Did you know I can read minds? Yup, I really can. I can tell you what people are going to say before they even say it.
Of course my powers are very limited. In fact my mind reading ability is limited to only a specific type of person when asked a single specific question. But every time that question is asked of that person I know exactly what they’re going to say before they do. It usually goes something like this… Continue reading
Here’s the second session of my introduction to worship leading class. In this video we talk about why intentionally maintaining a worship repertoire is important and how to choose songs for your repertoire. Enjoy!
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I’ve recently just started teaching a class on worship leading at my church that covers my approach to different aspects of worship leadership. I’m recording all the sessions and will post them here each week.
The first class is on worship theology. Enjoy!
Note: The video cuts out just before the end of the last slide. Here is the full content of that last slide.
1.) Leading worship well means preparing ourselves spiritually and musically
2.) We are not in control of the presence of God in worship
3.) We need to choose songs and service elements that will aid people in their spiritual walk
4.) Worship must be accessible to people from every background (multigenerational, cultural, socio-economic, etc.)
5.) We need to sing both old and new songs
6.) Our job as worship leaders is to help people engage
One of the most interesting tv shows of the early 1970s, “The Partridge Family” featured a group of actors who pretended to sing and play music that was actually performed by professional studio musicians (with the exception of David Cassidy of course). The problem was without any musical training the actors had trouble convincingly selling the fantasy that they were really playing and recording the songs that won them a grammy in 1971.
This was most apparent in a backstage exchange between a young Danny Bonaduce (who played Danny Partridge) and David Cassidy (who played the eldest Keith Partridge). Danny was the Bass player on the show, but didn’t understand the difference between the various types of guitars. After several episodes of playing his fake instrument the wrong way, David took him aside and said,
“Danny, it’s a bass. You don’t strum it, you pluck it!”
So now that we’re clear that you don’t strum a bass, here are 5 more tips for worship bass players:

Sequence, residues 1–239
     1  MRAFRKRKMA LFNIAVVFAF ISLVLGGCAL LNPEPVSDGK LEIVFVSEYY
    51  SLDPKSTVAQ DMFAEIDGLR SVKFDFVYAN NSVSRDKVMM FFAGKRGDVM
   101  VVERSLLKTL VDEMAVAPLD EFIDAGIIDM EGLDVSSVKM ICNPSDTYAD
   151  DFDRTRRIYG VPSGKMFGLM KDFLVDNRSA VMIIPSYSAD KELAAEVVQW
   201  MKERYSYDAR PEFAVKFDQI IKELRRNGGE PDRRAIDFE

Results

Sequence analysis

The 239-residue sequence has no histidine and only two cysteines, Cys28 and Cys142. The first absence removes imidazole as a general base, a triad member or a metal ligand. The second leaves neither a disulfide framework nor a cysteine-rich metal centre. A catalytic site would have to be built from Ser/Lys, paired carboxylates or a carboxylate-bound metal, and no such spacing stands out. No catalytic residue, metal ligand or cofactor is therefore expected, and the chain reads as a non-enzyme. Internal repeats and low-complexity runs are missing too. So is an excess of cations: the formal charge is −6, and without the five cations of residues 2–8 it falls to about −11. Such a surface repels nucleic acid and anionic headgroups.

Legend has it that once after Rich Mullins had just finished a worship concert a fan came up to him to share about his experience as part of the audience. This particular fan raved about Rich’s music and then went on to describe how he could feel the exact moment the Holy Spirit made his presence known in the room. To which Mr. Mullins replied, “No, you just heard the drums come in.”
Without getting into some of the controversial issues surrounding the connection between emotions and the supernatural reality of worship (I’ll save that for a later post), I think we can all agree that it’s hard to imagine the CCM landscape today without drums in the mix (pun intended). They provide the musical foundation that all the other instruments build on, which means they can make or break the sound of a worship team.
So if you’re a drummer how do you ensure you’re doing the “making” instead of the “breaking”? Here are 5 tips to help drummers effectively fill their role in the band:
A couple of years ago my brother and I were attending a worship conference together. As usual at these types of conferences every night ended with a worship concert featuring well known and up-and-coming worship artists. After the concert on the second night we were leaving the church when he turned and asked me a question.
“Have you noticed that all the worship teams we’ve seen so far are made up entirely of young, attractive musicians?”
I replied, “I was just thinking the exact same thing. It’s actually a little unsettling.”
We went on to talk through some of the similarities we noticed about these teams. Everyone was in their early to mid twenties. All the women were attractive, and the vast majority were blonde. The men were all stylishly dressed and good looking.
Now, there’s absolutely nothing wrong with being young, attractive and stylish and leading worship. It make sense that at least a few of the musicians would fit this description. But the problem was it wasn’t just a few people; it was every team member, across several different worship bands. This experience my brother and I had reflects a deeper trend I’ve noticed in certain sections of the worship world.
One of the things I love about looking for new worship music to introduce to my congregation is coming across bands I was previously unaware of that are producing solid worship music. Sixteen Cities is just such a band. Originally from Seattle, Washington, the band now leads worship at “The Heights Baptist Church” in Dallas, Texas.
Their latest album is The Depth of Your Love, and you can read my review of it below: